Does your dragon have a random wound on their body that just so happens to be surrounded by scales that are discolored and dull looking? How bad off is the wound itself? Is it really swollen and/or leaking puss? If your pet has a wound like this then they very likely could have Yellow Fungus.
Bearded dragons that have Yellow Fungus are often times described as “restless”, and may also appear to have a poor appetite, and frustrated demeanor. If your dragon appears to be refusing to eat and seems restless or frustrated, take them to the vet.
In dragons that have recently been infected, you can expect to see dry and crusty looking lesions on scales along with discoloration. In addition to this, these trouble spots may be retained during sheds, which may become more frequent at this stage of the disease.
During a more advanced stage of Yellow Fungus, you will likely see some of the first affected areas turning black and beginning to essentially rot away. If the fungus starts on limbs or the tail, it is possible for these to even fall off.
At this point, wounds may begin leaking a puss-like substance as well. Lastly, it is likely that your dragon at this point is lethargic, not eating (or eating very little) and perhaps seemingly always grouchy (I mean, could you blame him/her?).
If you suspect your bearded dragon has Yellow Fungus (or any fungus really…) then you need to act fast! Taking them to the vet should be priority #1 and you can read more about what to expect with that below.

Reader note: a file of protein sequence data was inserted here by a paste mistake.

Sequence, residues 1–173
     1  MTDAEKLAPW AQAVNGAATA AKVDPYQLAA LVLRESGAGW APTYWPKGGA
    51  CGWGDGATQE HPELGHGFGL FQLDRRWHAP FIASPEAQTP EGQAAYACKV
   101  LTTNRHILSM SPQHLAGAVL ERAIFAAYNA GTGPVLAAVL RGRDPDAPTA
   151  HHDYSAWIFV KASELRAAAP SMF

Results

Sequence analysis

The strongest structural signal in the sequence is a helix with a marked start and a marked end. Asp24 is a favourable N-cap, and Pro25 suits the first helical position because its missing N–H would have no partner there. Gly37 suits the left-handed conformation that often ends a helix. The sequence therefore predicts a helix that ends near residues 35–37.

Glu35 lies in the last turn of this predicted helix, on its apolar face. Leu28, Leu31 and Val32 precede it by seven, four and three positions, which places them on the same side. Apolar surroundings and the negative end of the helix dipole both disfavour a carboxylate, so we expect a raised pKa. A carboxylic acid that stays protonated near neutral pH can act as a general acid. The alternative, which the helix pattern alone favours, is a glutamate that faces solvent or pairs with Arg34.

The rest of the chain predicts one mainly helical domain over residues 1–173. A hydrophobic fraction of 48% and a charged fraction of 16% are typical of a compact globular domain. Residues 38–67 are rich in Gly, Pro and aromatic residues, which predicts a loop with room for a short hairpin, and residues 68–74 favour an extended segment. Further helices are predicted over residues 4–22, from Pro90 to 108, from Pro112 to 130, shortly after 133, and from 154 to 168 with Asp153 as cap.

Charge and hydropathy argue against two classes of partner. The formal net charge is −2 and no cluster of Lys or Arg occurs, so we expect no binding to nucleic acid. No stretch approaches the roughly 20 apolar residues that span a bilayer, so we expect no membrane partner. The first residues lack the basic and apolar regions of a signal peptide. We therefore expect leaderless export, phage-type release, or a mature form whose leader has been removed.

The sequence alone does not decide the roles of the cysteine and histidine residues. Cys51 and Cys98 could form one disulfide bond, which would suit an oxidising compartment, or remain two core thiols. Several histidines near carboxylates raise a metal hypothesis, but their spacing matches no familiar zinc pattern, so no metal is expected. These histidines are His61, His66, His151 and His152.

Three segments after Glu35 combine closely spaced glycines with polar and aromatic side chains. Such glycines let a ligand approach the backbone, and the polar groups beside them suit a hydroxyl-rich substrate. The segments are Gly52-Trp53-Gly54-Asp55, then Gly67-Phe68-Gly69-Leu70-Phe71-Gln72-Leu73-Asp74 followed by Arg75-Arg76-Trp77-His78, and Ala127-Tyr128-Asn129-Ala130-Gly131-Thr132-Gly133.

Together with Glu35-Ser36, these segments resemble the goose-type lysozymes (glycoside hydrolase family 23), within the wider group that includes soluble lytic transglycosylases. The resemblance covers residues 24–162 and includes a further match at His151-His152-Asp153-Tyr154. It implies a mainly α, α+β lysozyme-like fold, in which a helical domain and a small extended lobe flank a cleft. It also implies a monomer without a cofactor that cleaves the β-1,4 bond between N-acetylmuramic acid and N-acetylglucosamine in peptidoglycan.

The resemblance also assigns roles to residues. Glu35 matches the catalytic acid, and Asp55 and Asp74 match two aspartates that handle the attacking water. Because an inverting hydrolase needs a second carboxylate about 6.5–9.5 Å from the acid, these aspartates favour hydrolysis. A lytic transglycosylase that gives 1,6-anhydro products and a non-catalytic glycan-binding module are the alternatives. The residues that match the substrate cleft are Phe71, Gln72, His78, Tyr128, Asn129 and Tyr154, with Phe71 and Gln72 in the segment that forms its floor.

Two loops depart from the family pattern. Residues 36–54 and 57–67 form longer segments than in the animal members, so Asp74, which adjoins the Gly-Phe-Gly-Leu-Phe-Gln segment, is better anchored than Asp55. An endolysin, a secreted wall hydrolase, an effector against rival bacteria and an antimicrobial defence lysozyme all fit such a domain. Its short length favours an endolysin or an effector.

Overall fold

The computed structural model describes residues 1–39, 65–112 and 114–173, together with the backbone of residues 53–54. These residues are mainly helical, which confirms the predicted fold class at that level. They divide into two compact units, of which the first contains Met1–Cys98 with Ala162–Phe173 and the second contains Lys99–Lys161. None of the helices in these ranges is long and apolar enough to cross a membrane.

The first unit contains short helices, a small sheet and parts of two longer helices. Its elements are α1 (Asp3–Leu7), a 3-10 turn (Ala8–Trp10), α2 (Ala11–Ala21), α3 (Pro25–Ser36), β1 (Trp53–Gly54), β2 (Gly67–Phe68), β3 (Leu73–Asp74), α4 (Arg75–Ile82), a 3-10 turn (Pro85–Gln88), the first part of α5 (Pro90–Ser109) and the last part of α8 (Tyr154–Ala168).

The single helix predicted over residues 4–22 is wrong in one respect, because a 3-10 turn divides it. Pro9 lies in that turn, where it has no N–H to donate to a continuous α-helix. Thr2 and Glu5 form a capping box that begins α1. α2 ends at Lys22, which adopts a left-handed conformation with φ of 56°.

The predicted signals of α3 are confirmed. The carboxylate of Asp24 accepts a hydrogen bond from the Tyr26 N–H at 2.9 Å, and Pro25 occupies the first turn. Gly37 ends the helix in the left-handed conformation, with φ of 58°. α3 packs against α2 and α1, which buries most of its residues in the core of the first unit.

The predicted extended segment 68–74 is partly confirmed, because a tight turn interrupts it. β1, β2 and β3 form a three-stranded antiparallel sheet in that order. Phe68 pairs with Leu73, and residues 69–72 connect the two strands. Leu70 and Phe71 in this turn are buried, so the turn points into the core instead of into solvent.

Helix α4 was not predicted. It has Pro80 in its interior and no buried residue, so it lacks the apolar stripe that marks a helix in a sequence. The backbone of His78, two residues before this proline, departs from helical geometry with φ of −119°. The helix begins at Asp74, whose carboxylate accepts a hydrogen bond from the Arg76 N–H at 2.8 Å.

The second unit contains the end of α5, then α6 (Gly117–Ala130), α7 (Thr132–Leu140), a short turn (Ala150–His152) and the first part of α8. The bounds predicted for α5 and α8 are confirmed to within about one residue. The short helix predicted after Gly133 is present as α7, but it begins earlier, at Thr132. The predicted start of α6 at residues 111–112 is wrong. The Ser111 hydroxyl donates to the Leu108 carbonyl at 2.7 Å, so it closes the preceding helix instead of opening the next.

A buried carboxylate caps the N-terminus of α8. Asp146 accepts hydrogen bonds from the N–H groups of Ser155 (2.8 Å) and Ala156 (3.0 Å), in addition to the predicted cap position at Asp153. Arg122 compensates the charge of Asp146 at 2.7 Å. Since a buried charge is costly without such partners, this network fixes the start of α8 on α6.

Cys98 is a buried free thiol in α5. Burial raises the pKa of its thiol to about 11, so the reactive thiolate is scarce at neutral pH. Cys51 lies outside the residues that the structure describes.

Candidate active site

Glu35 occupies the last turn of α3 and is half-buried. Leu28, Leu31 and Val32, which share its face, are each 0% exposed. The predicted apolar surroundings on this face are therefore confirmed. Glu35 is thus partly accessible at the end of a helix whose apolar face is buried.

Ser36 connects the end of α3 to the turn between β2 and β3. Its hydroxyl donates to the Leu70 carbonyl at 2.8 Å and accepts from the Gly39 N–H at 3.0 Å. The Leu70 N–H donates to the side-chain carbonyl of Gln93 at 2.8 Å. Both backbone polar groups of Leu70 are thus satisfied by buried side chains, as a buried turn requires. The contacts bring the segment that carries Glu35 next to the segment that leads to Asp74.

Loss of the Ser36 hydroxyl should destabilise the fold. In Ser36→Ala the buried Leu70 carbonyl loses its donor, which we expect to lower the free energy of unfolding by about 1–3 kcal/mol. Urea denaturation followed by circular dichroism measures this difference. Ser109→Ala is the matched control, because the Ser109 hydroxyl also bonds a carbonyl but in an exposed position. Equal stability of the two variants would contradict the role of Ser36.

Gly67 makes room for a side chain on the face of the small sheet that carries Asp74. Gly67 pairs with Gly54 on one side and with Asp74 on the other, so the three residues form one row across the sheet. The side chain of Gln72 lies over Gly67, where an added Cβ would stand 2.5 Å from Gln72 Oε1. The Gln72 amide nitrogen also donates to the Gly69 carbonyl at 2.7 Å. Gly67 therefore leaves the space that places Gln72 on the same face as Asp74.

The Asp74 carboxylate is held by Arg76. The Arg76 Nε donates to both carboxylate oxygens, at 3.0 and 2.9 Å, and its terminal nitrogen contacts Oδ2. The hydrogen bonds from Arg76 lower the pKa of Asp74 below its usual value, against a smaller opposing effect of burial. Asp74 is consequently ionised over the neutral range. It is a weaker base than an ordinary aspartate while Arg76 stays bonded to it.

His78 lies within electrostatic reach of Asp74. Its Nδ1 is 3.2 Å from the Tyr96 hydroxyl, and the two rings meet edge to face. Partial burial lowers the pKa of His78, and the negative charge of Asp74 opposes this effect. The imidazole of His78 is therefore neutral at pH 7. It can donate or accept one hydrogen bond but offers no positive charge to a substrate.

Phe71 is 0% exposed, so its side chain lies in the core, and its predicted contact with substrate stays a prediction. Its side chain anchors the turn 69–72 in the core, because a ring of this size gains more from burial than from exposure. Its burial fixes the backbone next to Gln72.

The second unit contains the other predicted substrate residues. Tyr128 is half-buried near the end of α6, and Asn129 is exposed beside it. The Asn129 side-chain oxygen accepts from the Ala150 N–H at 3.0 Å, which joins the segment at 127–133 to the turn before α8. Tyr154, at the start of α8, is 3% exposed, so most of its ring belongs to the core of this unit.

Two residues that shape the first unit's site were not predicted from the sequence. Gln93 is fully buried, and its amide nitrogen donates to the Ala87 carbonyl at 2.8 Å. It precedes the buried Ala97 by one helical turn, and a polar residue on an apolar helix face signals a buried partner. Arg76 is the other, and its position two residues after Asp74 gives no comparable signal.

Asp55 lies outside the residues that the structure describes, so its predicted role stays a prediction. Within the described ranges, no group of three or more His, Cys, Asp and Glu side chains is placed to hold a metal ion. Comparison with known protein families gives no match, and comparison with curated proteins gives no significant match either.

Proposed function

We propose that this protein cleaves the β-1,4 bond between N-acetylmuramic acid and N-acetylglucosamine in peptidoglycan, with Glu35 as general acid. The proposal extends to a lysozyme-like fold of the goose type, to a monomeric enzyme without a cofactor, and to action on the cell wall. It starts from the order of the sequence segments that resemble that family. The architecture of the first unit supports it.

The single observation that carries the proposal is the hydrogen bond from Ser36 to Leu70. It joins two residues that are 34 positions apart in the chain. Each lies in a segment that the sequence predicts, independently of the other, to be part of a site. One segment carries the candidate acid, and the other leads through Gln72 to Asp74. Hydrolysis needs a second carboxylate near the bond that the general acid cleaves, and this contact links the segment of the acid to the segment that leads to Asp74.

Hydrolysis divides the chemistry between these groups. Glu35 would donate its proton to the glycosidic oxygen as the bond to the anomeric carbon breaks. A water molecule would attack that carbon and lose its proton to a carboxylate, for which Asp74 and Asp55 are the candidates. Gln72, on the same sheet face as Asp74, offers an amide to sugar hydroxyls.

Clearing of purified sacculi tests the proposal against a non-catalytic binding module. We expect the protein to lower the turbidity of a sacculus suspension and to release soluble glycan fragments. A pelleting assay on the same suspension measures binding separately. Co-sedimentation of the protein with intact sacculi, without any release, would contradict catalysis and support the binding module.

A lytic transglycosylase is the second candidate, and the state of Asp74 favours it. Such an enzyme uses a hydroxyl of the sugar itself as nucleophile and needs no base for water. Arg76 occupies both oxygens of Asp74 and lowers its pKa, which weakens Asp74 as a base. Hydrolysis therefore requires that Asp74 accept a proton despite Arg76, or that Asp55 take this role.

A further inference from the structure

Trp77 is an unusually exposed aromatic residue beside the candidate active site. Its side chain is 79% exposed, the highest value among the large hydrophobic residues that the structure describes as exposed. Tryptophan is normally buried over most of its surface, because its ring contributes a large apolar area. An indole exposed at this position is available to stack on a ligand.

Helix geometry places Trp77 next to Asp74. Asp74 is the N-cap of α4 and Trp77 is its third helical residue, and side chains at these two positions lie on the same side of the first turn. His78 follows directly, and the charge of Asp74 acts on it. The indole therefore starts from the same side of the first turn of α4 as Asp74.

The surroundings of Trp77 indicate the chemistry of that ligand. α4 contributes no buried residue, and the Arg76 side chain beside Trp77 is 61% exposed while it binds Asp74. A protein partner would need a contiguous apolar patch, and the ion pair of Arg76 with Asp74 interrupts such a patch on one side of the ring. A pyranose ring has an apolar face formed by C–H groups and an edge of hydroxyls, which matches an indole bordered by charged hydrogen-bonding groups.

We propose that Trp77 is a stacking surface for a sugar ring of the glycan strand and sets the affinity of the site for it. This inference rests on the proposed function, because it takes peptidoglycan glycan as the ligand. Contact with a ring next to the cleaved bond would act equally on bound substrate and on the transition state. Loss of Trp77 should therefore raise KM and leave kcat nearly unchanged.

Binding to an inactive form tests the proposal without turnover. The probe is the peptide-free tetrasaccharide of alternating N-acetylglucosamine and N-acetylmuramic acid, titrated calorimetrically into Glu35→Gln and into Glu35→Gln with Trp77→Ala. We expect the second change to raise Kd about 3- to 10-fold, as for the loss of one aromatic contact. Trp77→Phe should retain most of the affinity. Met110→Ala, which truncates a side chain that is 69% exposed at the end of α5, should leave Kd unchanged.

If you can’t take them to the vet right away, then check out the below at home remedies you can do in the meantime!
In order to 100% know if your dragon is infected with Yellow Fungus or not, get them to a respectable reptile vet ASAP. Once there, the vet will likely remove part of the affected area of their scales to run some tests on to confirm whether it is indeed Yellow Fungus or another fungus.
If the tests come back positive for Yellow Fungus, you can likely expect the vet to prescribe your bearded dragon Voriconizole or a similar antifungal agent that will work to kill the fungus.
However, it should be noted that the high level of yeast in Voriconizole can affect the health of your bearded dragon’s kidneys over time and such, you should be prepared to offer them supplements and plenty of water to keep their organs as healthy as possible.
Don’t have money to head to the vet right away OR can’t make an appointment right away? Try the remedies below to keep your bearded dragon’s Yellow Fungus in check while you wait to see the vet.